Thursday, October 17, 2013

Planet of Snail (2012)


 Young-Chan Cho: “All the deaf and blind people have the heart of an astronaut.”

Planet of Snail is a documentary from South Korea. It is very slow-paced and plays with minimal sound to simulate Young-Chan reliance on tactile communication and finger taps as opposed to always using voice. His voice, one might say is the lack of sound. The story follows him along with his wife Soon-Ho. Soon-Ho has a disability caused by degeneration of the spine.

Together the film explores their mutual dependency and quiet, slow lives. The reference to Young-Chan Cho as an astronaut in the Planet of Snail is interesting because I too consider myself an alien. Some things that an able-bodied person can do very easily, I can’t. But, I think from that I gained a desire to explain my worldview. For Young-Chan Cho, it’s the same. On one hand, he talks about his disability as no different than fading memory for a sighted person. When you remember something with sight, it’s never as clear as it was when you saw it the first time. A very insightful critique of sightedness!

    On the other hand, Young-Chan’s poetry reveals a deep understanding of how his life is alien. “What I see in front of me is my reality.” He says. “I am deaf-blind even in my dreams.” In spite of this determination, he encounters obstacles very early on in the film. While taking a Hebrew exam, Young-Chan’s professor says that he had the words in the right order, but his assistant transcribed it wrong. That is, his wife, not his assistant. But, he gets an A+!

    Later in the film, we see Young-Chan eating with friends, who look as though they may be deaf-blind as well. They get into an argument about why he married, and the other friend believes he may never marry. Much of this argument is done through tactile communication and finger tapping. I don’t know Korean sign language, and only understand little bits of American Sign Language, but the finger tapping to me seemed vital to understanding the language. Young-Chan’s friend believes he married Soon-Ho to be a live-in caretaker, which Young-Chan Cho denies, but seems shaken by.

   Through his friend, we see his clay crafts, including a mug shaped like a naked man. Young-Chan explains that he didn’t like that one very much. Soon-Ho says that sometimes he takes care of her, because sometimes her pain is so bad that she can’t even pick up the phone. “I couldn’t even say hello. I could only make screeching sounds.” She says. Nonetheless, we see Soon-Ho helping Young-Chan around the house more often than vice versa: Fixing a light, helping with food, walking on the beach, even helping to organize Cho’s play with his friends.

     The film ends with a solo trip to a doctor's appointment, where he admits he was scared to be without his companion. “I felt colder.” He says.  Then, Young-Chan Cho goes swimming, where he says he can open his eyes and see a different world. (As opposed to The Planet of Snail.) In closing, he says he's only waiting to see the most precious things. He and I have much in common. We are both astronauts; we both use words to paint our lived experiences with disability; we have many of the same fears. What will happen to me when my friends and caretakers are gone? The film explores these fears, which at times seem to contradict his coping mechanisms…art and poetry which transcends his body.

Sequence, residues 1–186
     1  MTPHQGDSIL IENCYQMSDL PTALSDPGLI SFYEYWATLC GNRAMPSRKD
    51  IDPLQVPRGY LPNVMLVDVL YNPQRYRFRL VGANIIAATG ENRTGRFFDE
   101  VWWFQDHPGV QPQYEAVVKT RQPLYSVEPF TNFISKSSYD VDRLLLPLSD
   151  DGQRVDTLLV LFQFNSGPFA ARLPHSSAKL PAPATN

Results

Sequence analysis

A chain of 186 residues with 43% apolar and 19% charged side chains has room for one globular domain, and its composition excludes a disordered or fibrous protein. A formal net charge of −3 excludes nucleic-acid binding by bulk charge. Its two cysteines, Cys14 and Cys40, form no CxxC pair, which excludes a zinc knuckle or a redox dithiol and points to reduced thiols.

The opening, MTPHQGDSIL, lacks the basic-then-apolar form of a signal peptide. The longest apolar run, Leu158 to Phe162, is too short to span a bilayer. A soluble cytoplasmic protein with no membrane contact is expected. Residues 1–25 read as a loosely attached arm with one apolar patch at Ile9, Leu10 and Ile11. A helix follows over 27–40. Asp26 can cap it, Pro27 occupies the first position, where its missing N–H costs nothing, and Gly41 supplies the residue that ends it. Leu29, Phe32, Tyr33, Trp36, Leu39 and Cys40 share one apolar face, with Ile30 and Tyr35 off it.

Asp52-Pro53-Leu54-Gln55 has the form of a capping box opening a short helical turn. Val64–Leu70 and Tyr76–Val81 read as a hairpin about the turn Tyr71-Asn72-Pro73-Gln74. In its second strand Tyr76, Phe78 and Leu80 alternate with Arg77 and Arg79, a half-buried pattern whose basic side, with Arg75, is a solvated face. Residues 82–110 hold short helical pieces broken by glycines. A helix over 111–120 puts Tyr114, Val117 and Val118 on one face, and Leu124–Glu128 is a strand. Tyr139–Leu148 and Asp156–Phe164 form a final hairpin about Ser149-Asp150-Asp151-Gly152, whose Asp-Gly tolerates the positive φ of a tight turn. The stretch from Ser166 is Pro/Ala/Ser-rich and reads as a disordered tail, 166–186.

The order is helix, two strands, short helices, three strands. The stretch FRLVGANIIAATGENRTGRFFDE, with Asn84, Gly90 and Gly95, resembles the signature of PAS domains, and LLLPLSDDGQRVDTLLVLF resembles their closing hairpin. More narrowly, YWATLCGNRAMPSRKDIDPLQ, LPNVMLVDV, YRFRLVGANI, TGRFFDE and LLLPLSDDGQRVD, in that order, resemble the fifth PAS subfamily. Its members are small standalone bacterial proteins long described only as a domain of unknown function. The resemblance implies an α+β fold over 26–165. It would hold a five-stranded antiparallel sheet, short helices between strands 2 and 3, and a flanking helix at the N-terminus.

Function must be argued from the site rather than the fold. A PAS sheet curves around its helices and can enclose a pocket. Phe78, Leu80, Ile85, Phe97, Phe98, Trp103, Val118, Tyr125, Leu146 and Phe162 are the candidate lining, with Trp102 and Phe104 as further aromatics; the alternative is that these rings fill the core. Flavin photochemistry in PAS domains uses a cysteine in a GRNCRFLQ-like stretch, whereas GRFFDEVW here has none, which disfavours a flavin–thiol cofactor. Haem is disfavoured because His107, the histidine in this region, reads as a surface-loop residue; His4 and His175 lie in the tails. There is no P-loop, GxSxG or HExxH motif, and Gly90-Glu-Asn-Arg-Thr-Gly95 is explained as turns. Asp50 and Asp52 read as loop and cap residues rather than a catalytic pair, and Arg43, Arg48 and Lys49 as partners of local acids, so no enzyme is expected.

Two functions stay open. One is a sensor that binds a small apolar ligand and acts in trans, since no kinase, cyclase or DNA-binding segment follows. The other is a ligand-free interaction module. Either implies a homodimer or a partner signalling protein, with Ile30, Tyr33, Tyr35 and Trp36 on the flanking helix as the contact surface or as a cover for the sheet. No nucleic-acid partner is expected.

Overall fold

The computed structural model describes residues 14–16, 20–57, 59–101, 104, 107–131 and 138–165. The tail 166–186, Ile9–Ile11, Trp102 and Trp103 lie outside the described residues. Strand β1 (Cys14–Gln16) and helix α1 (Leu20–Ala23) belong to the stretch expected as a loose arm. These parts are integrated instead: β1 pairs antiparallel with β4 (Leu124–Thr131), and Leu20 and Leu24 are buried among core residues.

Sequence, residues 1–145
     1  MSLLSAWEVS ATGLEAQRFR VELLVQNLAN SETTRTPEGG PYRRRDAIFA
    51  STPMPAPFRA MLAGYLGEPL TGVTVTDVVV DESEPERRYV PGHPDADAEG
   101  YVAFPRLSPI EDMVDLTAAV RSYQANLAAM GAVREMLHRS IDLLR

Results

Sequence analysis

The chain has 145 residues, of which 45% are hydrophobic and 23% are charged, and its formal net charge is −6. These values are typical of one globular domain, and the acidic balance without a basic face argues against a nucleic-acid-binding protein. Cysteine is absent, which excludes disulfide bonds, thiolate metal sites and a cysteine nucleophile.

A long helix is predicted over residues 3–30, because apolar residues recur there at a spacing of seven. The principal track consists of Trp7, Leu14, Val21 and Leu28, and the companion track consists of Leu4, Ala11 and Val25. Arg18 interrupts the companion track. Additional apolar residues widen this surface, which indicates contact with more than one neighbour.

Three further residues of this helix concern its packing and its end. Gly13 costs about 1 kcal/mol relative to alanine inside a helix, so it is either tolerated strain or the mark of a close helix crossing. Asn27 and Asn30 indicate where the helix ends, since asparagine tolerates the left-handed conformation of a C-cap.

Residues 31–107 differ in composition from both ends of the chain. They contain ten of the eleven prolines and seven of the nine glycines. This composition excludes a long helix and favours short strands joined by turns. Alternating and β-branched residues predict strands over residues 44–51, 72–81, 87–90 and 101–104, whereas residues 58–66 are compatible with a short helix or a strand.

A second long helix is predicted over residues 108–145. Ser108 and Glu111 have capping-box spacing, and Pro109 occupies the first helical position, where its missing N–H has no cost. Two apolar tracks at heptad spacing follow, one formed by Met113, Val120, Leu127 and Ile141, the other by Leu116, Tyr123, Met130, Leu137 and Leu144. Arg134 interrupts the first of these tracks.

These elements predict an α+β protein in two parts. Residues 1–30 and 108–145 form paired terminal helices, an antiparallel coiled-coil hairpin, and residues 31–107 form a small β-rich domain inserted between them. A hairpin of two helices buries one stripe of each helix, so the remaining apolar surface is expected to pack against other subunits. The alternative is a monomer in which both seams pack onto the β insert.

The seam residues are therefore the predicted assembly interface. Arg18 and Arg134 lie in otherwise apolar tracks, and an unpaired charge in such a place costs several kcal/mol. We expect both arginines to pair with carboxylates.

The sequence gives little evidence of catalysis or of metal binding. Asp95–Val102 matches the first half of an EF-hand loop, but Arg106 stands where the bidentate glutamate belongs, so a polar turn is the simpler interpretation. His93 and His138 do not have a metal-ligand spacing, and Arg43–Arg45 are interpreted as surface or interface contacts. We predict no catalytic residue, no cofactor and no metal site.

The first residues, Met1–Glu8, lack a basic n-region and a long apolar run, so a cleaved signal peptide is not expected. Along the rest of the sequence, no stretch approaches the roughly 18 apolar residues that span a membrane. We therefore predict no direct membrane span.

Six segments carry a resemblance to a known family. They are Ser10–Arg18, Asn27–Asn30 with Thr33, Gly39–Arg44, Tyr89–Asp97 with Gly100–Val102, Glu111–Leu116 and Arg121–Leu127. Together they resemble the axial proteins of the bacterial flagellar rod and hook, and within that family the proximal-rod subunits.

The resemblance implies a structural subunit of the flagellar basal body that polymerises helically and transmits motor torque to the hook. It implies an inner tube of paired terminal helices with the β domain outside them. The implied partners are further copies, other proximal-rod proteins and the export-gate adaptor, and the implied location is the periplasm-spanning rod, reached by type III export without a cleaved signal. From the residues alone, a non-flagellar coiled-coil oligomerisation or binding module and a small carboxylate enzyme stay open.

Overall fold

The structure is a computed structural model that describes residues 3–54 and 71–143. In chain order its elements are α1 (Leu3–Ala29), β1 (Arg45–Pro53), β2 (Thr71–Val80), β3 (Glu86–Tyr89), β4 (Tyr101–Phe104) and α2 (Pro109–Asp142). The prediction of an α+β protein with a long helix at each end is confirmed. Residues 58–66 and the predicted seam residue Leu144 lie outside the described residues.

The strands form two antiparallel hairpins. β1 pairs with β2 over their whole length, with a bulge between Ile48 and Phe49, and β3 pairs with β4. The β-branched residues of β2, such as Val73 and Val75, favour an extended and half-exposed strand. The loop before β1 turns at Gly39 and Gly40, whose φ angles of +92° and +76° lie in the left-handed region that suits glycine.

The film is very slow-paced, but there was enough going on that intrigued me that I never lost interest. I love movies about disability experiences, other planets, and other cultures and ways of life. I identified with the main character; but only insofar as he uses art to overcome his disability, such as I try to do. The rest was new to me: The finger tapping, Young-Chan Cho’s beautiful descriptions of his disability in poetry, having a partner vs. having friends, and negotiating each other’s disability. These were all wonderfully new to me. The slow pace also helped me drink in Young-Chan's world.

     I found Planet of Snail to be a fun, dramatic and captivating experience… it is not  just internationally appealing to me, being a Korean film, but it is interculturally appealing too. I mean, I related my experiences with disability with Young-Chan They didn’t always match up. For example, in my dreams, I'm able-bodied, though it by no means is a reflection of de-valuing my life with a disability...I can simply do more in my dreams. Also, Young-Chan says sometimes he knows he’s being stared at. I would tend not to focus on it…nonetheless, I do know it probably is happening.

Anyway, this is a great film that explores many themes about disability and relationships, and the role of art as a tool for life. Highly recommended…I’d say 4/5 stars: the slow pace might be off-putting to some, but in my case, it helped me catch details like the finger tapping as communication. A wonderful film! Go see it!

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